This WSJ article describes some of the problems that small businesses have faced with names. The most significant one, from my perspective, is the trademark lawsuit that cause the cookie company to change its name after being featured on the “Rachael Ray Show.” What a waste of potential marketing value!
Over the years, I’ve serviced two types of startup clients: those with a technology or product or service, and those with a whole brand.
Let’s be clear: that’s not to say that the “branded” folks don’t have tech; they almost always do — it’s just that their tech has matured to the point that they are ready to position it for customers. Those companies with consumers as customers typically have more critical branding issues than those who are B2B hardware vendors or sell enterprise software.
Most founders find names by thinking up some words they like, doing a few web searches for similar names, and then checking to see if the .com domain is available. That’s usually where the typical founder stops.
Some of the next steps are (1) checking to see if the name is available in the jurisdiction of incorporation (Delaware business entity search); (2) checking to see if the name is available in the jurisdiction where business will be conducted (business entity search pages for New York; New Jersey; and California); and (3) checking the USPTO website for the name (easier said than done — check the link for yourself).
I’ve certainly met some founders who believe that their trademark worries are over, or nonexistent, if the USPTO search reveals nothing that seems problematic.
Unfortunately, that’s not the whole story, and it’s barely the beginning.
I now regularly encourage all my startup clients to budget for a “knockout search” at a minimum. The knockout search is a limited search and limited review process, less expensive than a full trademark search, that can identify some likely sources of trademark problems for further study. How does a knockout search differ from a full trademark search? Three things: first, a full search covers far more, and different, databases of information that might contain references to common-law trademark rights (i.e., acquired by usage in the absence of formal registration); second, the restricted report is accompanied by a reduced analytical effort on the part of the trademark lawyer; and third, the results will not be communicated in a formal opinion regarding the likelihood of a successful registration, defense, or non-infringement of the proposed trademark.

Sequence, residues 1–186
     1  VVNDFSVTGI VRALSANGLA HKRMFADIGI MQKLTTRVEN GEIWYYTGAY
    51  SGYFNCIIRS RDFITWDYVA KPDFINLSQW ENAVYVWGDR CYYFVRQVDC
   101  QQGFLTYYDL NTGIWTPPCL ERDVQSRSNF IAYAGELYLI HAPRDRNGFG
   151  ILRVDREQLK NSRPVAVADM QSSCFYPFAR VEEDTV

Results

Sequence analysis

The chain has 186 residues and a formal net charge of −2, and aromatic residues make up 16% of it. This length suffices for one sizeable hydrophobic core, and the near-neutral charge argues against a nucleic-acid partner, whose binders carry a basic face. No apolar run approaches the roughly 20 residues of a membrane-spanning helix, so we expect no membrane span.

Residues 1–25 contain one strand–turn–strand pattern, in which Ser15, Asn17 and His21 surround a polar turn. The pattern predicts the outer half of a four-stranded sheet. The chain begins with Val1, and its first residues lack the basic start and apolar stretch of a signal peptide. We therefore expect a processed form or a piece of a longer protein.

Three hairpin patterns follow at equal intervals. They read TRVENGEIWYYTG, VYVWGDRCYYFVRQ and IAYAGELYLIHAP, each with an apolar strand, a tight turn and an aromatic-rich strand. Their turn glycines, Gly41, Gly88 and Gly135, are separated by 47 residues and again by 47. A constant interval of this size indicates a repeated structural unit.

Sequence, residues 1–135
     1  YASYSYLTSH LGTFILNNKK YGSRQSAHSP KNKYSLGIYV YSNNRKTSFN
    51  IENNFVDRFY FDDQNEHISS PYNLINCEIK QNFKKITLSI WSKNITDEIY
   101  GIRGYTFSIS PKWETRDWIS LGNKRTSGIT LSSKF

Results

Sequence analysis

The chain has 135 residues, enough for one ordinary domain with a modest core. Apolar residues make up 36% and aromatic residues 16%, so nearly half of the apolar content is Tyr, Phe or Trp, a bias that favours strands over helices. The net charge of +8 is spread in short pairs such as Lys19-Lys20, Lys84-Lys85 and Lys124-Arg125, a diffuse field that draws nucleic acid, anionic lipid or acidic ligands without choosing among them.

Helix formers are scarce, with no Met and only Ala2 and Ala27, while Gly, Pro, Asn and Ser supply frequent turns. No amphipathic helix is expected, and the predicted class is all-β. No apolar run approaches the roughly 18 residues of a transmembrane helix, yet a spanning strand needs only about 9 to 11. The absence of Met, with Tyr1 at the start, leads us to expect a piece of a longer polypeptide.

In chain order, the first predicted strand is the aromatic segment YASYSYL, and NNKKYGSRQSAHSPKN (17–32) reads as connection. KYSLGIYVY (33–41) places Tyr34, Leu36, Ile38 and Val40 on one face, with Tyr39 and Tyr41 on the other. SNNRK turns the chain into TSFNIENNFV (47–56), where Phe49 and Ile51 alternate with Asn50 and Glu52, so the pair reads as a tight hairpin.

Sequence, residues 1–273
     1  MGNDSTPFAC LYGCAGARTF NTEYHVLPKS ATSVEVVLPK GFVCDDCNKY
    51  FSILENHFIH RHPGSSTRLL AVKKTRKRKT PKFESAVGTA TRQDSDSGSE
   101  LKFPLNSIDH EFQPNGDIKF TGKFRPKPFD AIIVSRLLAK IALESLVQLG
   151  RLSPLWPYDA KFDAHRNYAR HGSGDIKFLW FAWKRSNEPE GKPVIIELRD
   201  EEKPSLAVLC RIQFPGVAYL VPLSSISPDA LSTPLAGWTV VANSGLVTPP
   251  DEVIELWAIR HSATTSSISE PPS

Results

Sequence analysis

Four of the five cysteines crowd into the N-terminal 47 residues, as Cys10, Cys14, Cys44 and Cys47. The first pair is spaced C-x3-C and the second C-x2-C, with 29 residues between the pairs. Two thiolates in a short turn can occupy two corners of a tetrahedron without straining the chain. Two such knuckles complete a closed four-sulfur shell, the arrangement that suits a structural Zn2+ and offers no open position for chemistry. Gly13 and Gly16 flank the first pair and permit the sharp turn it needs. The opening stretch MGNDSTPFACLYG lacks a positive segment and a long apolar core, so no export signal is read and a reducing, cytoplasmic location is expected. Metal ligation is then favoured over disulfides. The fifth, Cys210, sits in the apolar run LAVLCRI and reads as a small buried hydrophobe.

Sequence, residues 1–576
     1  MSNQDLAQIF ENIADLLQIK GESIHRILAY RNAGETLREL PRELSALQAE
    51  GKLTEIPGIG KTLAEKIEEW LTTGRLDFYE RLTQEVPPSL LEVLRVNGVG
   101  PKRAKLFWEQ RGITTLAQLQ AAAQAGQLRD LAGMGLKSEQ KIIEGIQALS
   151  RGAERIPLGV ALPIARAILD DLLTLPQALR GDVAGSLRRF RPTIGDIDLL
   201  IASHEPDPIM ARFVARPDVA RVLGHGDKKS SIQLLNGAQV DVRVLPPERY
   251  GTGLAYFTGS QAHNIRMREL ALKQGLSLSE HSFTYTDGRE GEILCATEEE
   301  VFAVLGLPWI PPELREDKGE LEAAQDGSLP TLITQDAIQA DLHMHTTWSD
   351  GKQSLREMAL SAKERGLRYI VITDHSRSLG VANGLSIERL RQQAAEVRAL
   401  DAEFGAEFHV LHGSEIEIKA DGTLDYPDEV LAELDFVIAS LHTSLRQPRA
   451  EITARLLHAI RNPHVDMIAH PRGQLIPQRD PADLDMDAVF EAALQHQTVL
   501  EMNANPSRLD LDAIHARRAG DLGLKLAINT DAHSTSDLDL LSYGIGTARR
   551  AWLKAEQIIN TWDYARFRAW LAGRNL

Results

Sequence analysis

Why is such a search still important? For many companies, the effort involved in changing the company’s branding can be very expensive, not because of the cost of a new $10 domain name but because any goodwill created with marketing dollars will generally disappear. It makes little sense for a startup to be penny wise but pound foolish. Put differently, your company doesn’t create value by under-investing in risk management.
Of course, the “best” approach is to simply do the full trademark search and eliminate the risk of later changes. But most startups don’t have the luxury of enough funding to eliminate all risk at the outset: they have to manage risk by allocating capital, including funds for legal expenses, in the right amounts at the right times. Using a knockout search is one way of wisely deploying capital to eliminate much of the unnecessary risk, even though a full search will have to be done down the road.